SIARA - System Integrity & Restorative Actions

Authors: Priyanka Mohapatra, SP Energy Networks, UK and Hao Guo, Power Networks Demonstration Center, UK

Conclusion and Next Steps

The offsite testing of project SIARA proved that the OTN Systems MPLS-TP communication devices (XT-2210) could carry the R-GOOSE messages generated by GE C30 and N60 protection devices. These R-GOOSE messages were used for remote tripping and analogue signal exchange in a hardware in loop set-up. The R-GOOSE messages generated during the test were of size between 209 bytes and 239 bytes. When there was no other background traffic and no artificial delay, the network propagation latency and asymmetrical latency of R-GOOSE messages going through two XTran nodes was up to 70 µs and 2.5 µs. These values satisfied the requirement of ENA TS 48-6-7 where the propagation latency should not exceed 6 ms and the asymmetrical latency should not be greater than 400 µs. The bandwidth occupied by a single R-GOOSE stream (packet size between 209 bytes and 239 bytes) was about 80 kb/s. Analogue R-GOOSE was configured so that it would be continuously transmitted. Hence, if analogue R-GOOSE were transmitted from both N60_A and N60_B and a power system fault event was applied which could trigger binary R-GOOSE from both N60_A and N60_B, the maximum bandwidth among N60_A, C30 and N60_B would be 320 kb/s. 

The instantaneous over-current (IOC) protection, under-frequency protection and over-frequency protection were used on GE N60. The associated local tripping time (when there was no other background traffic and no artificial delay) were:

  • Local IOC protection for fault: about 22.65 ms
  • Local under-frequency protection for under-frequency disturbance: either 92.7 ms or 112.8 ms
  • Local over-frequency protection for over-frequency disturbance: either 97.8 ms or 117.8 ms

The analogue R-GOOSE from N60 could only update the value of analogue quantities every 0.1 s, which might not be suitable for protection scheme requiring instantaneous measurement. The tests provided valuable insight regarding bandwidth, time synchronization requirements, latency, and different protection schemes overall operational times using R-GOOSE over wide area network.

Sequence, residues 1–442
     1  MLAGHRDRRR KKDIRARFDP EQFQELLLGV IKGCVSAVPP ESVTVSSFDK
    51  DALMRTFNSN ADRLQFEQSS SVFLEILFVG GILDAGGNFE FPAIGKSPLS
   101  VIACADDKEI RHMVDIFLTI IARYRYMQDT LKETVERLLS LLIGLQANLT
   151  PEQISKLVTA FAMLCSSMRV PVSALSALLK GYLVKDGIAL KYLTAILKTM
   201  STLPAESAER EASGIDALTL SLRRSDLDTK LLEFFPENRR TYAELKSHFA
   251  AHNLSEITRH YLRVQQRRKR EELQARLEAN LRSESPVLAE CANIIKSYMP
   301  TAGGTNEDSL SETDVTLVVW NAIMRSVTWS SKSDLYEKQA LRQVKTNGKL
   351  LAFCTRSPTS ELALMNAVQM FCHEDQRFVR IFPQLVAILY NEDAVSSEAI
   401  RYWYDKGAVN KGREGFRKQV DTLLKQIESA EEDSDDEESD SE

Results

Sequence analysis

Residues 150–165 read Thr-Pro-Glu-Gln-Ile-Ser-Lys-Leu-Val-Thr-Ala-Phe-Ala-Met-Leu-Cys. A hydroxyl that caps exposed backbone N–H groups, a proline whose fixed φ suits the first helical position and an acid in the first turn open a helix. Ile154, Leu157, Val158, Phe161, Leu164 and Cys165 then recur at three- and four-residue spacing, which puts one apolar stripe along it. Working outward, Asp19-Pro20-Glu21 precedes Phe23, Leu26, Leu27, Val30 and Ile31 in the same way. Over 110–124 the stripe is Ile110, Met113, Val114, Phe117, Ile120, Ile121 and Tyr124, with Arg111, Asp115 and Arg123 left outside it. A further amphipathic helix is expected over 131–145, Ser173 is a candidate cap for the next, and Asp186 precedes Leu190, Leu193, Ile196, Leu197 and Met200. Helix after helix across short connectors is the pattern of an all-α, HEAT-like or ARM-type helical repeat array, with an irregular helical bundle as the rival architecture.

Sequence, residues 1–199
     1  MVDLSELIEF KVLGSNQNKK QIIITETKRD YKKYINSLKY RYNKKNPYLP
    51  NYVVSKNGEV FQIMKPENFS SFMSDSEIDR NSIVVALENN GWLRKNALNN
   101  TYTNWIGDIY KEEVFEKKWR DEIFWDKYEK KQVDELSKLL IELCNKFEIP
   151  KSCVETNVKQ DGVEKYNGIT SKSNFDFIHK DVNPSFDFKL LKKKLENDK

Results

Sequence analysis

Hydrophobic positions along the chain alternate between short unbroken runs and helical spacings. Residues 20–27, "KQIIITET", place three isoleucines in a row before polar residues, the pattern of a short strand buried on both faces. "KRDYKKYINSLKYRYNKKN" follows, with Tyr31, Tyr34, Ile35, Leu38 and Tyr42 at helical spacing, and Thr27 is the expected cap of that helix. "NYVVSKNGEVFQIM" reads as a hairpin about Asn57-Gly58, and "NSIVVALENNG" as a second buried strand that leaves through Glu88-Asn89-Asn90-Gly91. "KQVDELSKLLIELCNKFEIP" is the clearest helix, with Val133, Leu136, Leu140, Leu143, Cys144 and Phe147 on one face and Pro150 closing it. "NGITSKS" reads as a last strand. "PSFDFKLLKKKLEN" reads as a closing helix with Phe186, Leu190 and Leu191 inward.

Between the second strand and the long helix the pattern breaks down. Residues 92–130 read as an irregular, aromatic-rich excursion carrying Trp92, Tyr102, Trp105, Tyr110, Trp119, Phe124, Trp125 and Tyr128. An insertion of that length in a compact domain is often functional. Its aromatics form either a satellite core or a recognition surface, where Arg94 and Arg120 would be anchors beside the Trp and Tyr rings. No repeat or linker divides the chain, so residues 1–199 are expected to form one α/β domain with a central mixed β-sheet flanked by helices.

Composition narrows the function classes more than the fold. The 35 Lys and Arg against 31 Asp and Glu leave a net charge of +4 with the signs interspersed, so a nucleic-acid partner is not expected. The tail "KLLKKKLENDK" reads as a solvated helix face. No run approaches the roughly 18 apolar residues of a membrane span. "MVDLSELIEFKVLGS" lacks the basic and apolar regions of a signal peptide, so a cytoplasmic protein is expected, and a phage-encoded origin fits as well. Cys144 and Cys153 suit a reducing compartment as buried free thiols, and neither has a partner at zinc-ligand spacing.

There were some limitations to the offline testing that did not take into account the cyber security requirement on the wide area network and this test needs to be performed with appropriate encryption on the network. This may or may not have implications on the latency and the overall operational times of the R-GOOSE based WPAC schemes provided adequate bandwidth requirements are considered during the deployment.

The offline testing has proved SPEN enough confidence to trial R-GOOSE based WPAC schemes on the SPT network. There are 2 proposals currently being considered for the first trial of R-GOOSE. The first step will be to deploy the offline arrangement at 3 nodes of the network and repeat the tests over the SP Transmission wide area network. Potential future deployment of the technology is on projects where multi-site communication and control is a key requirement, one such project that is currently being developed by SPEN is the Generator Export Management System (GEMS). GEMS aims to monitor and manage generation output across south west Scotland according to a System Operator led commercial constraint market by maximizing the utilization of available transmission capacity, whilst ensuring security of supply is maintained. The GEMS project is currently considering R-GOOSE as the main communication protocol, providing means for fast, reliable and secure data exchange over a dual redundant ring wide area network architecture. The final decision regarding use of R-GOOSE in the GEMS project will be dependent on a cost benefit analysis and a detailed risk assessment considering the time scales for deployment, cyber-security, the availability of suitable IEDs and communication network infrastructure.

SIARA through its offsite testing has already alleviated some of the risks and concerns and we remain positive regarding the roll-out of this technology on our network.
Our offsite testing experience shows that IEC61850-90-5 based R-GOOSE is a viable technology for future system integrity and restorative action schemes. The protection IEDs and testing tools supplier base compatible with R-GOOSE currently is limited and this could potentially affect roll-out of this technology on a wider scale. There are significant benefits of using R-GOOSE over WAN in terms of reduced number of IEDs used for protocol conversions and cyber security provided the right level of encryption is applied.
There is a huge potential for application of R-GOOSE in future utility WPAC schemes provided the right level of reliability, availability and security can be ensured over the wide area network.

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